What’s boldly apparent about Thomas? I would say the guy’s pure, unadulterated lust for fame, fortune, and lots of sex (at least as portrayed in “adult” films). I therefore suspect Philip Roth might be just the right writer to be up to the task of adequately portraying the man who joined the Supreme Court in 1991. After all, I figure: Roth wouldn’t shy away from the lurid material at hand? And I do mean, hand. What’s more notorious in fine literature over the past half-century than Roth’s 1969 novel, Portnoy’s Complaint, with its depiction of a man obsessed with masturbation using various props, including a piece of liver. 

With Roth and Portnoy’s Complaint as opposed to Alger and Ragged Dick, we don’t have to worry our pretty little heads about a 19th-century hypocrite proselytizing about how you can rise up (pun intended) through your own hard work and sound ethics to become a respectable, supremely comfortable member of the ruling class. Honesty isn’t what concerns Portnoy most. 

You recall (don’t you?!?) Thomas’s own Supremely unsuitable behavior as recounted by Anita Hill? To describe what we learned as explicit stuff hardly begins to tell the tale. To hear Hill tell it (and I for one utterly believe her; who would make up this kind of stuff?!?), Thomas was a boss utterly, fully committed to the injustice of sexual harassment. Never mind that Thomas had perversely been asked by Ronald Reagan to chair the U.S. Equal Employment Opportunity Commission when the only opportunity Thomas was truly interested in was to see how often the guy could get laid by women working for him. 

As demure and soft-spoken as Hill (no relation) was, the details spoke for themselves. How can you find breathing room in the office when your boss is telling you about pornographic films he had watched involving women having sex with animals or being subject to rape? How can you find breathing room when your boss speaks graphically about his own sexual prowess, referencing a porn star by the name of Long Dong Silver? And let’s not overlook the single most notorious allegation: Thomas is drinking a Coke in his office when . . . looking at the can, he loudly asks for all around him to hear, “Who has put pubic hair on my Coke?” (Odds are that disingenuous query was purloined from The Exorcist and adapted by Thomas for his use, despite his firmly denying having said that, in addition to denying having read The Exorcist, in which the character Burke Dennings says at a party, “There appear[s] to be an alien pubic hair floating around in my gin.” — And on Frontline, a Holy Cross or Yale classmate remembers Thomas making the exact same “joke”.)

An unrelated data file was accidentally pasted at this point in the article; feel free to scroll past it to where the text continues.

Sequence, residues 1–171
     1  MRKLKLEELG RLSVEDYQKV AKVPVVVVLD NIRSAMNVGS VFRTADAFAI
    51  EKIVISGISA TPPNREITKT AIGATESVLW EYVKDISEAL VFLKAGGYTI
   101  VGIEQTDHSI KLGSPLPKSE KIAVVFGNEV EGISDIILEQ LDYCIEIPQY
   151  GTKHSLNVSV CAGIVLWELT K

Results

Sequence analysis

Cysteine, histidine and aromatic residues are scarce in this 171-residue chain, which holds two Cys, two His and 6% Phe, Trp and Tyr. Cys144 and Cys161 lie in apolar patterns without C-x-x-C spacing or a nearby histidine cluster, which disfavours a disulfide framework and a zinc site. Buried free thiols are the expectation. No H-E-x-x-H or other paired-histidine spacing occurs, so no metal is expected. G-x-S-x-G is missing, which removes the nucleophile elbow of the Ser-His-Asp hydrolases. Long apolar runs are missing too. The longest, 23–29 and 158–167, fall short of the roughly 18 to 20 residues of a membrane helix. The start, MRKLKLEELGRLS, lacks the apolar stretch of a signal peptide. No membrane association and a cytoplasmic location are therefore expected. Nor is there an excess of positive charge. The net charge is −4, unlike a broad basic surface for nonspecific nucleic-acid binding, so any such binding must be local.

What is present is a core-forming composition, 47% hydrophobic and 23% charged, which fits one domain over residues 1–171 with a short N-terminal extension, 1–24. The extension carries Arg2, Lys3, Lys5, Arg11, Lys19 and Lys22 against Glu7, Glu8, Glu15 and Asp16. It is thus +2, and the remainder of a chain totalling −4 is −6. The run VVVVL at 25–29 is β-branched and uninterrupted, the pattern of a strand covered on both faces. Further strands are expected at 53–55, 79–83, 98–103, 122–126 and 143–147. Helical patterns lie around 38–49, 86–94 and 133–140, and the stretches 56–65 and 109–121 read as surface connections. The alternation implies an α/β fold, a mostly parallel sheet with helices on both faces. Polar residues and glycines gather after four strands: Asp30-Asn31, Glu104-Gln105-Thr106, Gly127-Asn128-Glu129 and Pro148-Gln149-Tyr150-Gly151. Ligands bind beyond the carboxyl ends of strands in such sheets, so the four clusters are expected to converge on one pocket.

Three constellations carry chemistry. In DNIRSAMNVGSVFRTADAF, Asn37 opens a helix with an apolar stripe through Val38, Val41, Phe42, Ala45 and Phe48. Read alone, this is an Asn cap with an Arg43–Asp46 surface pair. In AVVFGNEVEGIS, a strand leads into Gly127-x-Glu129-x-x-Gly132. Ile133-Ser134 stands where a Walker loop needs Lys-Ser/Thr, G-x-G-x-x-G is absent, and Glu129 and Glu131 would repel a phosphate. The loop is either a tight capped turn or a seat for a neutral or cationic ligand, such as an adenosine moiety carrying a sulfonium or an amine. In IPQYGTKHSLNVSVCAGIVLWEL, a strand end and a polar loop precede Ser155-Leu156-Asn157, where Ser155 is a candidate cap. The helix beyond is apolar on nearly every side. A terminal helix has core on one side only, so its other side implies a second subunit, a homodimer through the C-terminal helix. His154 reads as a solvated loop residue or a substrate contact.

Naturally, when appearing before the U.S. Senate to land his confirmation to the highest court of (in)justice in our fair land, Thomas declared, “I deny each and every single allegation.” That wasn’t of course the only way the soon-to-be Supreme perjured himself. The guy also said he hadn’t yet “formulated” a position on Roe v. Wade. Sure enough. I believe him. Why not? 

Thomas is a slippery character who’s now a rock-solid, firm conservative member of the Court, and Portnoy is a slippery character, too, whose member . . . well, let’s not indulge in so many double entendres for fear that they’ll leave us blue in the face. I’m just saying that a good argument could be made that Roth suits Thomas to a T, and has the added advantage of having lived through all of the confirmation drama, right down to Thomas pulling the virtuoso stunt of pushing back — hard — against his adversaries by calling the contentious hearings “a high-tech lynching for uppity blacks who in any way deign to think for themselves.” 

Such audacity from a guy who got nominated by George H. W. Bush because the President knew exactly how Thomas would fall in line in challenging affirmation action among other progressive preferences!  Who else in the contemporary literary pantheon might go, wow, I can’t resist a conflicted character as monumental as this one

Color Me Equally Outraged in My Own Way  

Before I rest my case, I call to the stand as my final witness here another acclaimed American novelist of late, the one and only Toni Morrison. Back when I was teaching English at what has now been renamed Missouri State University, I headed to a movie theater in Springfield to watch The Color Purple. “Oh my god, no!” screamed a woman in the audience behind me when the narrative led to the point when a couple of the female characters on screen were about to become lovers.